Speaker: Mark Rothstein (Herbert F. Boehl Chair of Law and Medicine and Founding Director of the Institute for Bioethics, Health Policy and Law at the University of Louisville School of Medicine)
Bio: Rothstein has a joint appointment at the Brandeis School of Law and the School of Medicine. He holds the Herbert F. Boehl Chair of Law and Medicine and is the Founding Director of the Institute for Bioethics, Health Policy and Law at the University of Louisville School of Medicine. He joined the University of Louisville faculty in 2001.
Rothstein has concentrated his research on bioethics, genetics, health privacy, public health law and employment law. From 1999-2008, he served as Chair of the Subcommittee on Privacy and Confidentiality of the National Committee on Vital Health Statistics, the statutory advisory committee to the Secretary of Health and Human Service on health information policy. He is past president of the American Society of Law, Medicine and Ethics. He serves as Public Health Ethics Editor for the American Journal of Public Health, and he writes a regular column on Bioethics for the Journal of Law, Medicine & Ethics. Additionally Rothstein has authored 19 books and over 250 articles on his areas of research.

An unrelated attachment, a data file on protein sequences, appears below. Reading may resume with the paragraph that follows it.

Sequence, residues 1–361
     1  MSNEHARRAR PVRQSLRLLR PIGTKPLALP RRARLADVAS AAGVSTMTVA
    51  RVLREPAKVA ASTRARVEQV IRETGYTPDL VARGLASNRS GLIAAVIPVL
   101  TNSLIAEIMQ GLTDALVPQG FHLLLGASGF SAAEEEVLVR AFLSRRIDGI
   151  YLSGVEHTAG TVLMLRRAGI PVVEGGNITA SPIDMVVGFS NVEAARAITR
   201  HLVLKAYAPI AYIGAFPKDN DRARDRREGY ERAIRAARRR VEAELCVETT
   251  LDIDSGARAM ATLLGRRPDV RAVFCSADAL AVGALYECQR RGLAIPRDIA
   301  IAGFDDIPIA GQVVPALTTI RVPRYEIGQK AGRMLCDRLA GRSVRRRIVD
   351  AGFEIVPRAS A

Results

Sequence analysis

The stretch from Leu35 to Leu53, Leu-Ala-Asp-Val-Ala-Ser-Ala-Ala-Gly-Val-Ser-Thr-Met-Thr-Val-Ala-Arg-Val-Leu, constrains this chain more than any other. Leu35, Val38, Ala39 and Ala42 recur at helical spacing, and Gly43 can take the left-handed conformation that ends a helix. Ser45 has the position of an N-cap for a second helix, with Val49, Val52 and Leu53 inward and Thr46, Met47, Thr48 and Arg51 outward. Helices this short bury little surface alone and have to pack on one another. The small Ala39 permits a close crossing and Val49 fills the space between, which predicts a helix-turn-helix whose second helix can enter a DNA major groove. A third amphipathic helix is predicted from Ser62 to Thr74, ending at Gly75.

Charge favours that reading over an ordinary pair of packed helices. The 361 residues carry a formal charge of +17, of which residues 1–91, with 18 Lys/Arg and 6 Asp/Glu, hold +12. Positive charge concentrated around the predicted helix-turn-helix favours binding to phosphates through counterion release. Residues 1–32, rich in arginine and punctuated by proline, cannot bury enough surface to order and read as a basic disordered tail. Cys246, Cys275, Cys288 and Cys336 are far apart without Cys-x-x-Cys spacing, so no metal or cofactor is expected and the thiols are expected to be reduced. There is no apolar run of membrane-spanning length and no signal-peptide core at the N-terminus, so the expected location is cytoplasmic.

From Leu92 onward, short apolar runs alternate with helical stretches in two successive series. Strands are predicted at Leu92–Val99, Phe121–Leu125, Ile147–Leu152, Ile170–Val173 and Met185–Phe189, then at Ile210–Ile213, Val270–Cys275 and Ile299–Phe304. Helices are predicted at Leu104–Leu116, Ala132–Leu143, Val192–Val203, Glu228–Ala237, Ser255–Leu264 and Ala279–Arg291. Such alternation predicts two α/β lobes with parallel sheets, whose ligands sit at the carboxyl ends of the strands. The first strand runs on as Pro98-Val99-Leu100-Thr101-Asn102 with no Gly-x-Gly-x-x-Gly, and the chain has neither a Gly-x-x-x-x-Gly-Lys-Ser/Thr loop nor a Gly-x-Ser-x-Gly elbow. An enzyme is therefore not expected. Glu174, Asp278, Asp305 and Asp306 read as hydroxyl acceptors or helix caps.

Abstract: Mobile devices, including smartphones and tablets, increasingly include apps that collect health information, such as heart rate, blood pressure, blood sugar and other measurements. At the same time, “citizen scientists” have begun engaging in health research. Independent researchers as well as patients and their family members can take advantage of direct-to-consumer genetic testing, patient access to their electronic health records, social media that link individuals with similar health conditions and powerful computer algorithms that can search through numerous and diverse sources of data. The federal government does not fund this type of research and therefore it is usually not subject to any regulation.
This talk will focus on key ethical issues, including informed consent, privacy and return of results, when unregulated researchers undertake health research with mobile devices.